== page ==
It's quite obvious that, although the payout would be greater, HMRC would much rather challenge the little guy who can't afford an army of lawyers and accountants. IR35 is a great example of this, although HMRC's dismal record with tribunals (9 of the last 10 lost, IIRC) suggests that you may not even need an army of lawyers to defeat their incompetent arses...

          2. Anonymous Coward
            Anonymous Coward

            Re: Just say No to Amazon

            "One rule for us and another for the likes of Amazon"

            That's not the case. It's simply that the big corporation can afford to retain very good tax accountants who can not only tell them how to minimise their tax bill whilst following the rules, but also explain it succinctly to the tax man so no further investigation is required.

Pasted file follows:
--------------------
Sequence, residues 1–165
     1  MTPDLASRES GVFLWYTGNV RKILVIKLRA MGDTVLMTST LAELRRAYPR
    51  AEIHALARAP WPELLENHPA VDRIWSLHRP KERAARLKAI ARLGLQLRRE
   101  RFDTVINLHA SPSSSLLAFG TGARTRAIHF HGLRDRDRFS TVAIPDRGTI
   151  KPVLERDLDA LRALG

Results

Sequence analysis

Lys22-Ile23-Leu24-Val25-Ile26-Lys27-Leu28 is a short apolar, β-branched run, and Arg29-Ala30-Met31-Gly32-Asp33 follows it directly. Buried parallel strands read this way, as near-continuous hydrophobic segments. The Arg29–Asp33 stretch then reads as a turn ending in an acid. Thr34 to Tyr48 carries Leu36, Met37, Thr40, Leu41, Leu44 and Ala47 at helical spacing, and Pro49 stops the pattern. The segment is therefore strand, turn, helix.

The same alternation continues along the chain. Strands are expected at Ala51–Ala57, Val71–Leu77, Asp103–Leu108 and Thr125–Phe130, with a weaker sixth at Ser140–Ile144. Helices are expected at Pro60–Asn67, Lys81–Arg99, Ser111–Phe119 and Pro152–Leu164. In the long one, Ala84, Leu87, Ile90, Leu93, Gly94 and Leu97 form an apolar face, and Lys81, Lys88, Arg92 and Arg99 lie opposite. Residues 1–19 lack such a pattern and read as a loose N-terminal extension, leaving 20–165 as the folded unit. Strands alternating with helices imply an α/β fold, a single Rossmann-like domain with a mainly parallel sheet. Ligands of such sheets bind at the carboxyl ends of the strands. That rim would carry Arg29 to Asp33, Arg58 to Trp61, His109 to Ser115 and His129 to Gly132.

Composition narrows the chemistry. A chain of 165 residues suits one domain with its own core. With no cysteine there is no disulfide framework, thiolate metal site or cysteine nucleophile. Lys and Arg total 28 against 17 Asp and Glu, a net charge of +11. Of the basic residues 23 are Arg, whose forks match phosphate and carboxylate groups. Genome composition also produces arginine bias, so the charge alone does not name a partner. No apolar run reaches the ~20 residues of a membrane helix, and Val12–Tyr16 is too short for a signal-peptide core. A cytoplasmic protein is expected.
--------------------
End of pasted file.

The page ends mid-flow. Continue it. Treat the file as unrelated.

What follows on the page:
It's a sad but true fact that the people who understand the UK tax legislation best don't work for HMRC.

          3. MachDiamond Silver badge

            Re: Just say No to Amazon

            "Why don't they give Amazon the full on HMRC rectal treatment? There should be a few dozen million wrongly credited or something."

            Probably because the accountants and solicitors employed at Amazon know more about the UK tax code than the civil servants at HMRC. You get what you pay for. There have likely been some audits that made the government staff look pretty silly to have to have outsiders explain the tax codes to them.

            To say that Amazon had £2billion in sales (gross revenue) doesn't mean a whole lot. In many cases, Amazon is the front for smaller sellers and it just providing fulfillment services. They're getting 10-15% on the sale less expenses. So that's more like £17m on whatever is left of £200million minus deductions. But those numbers don't make for big headlines.

            1. werdsmith Silver badge

              Re: Just say No to Amazon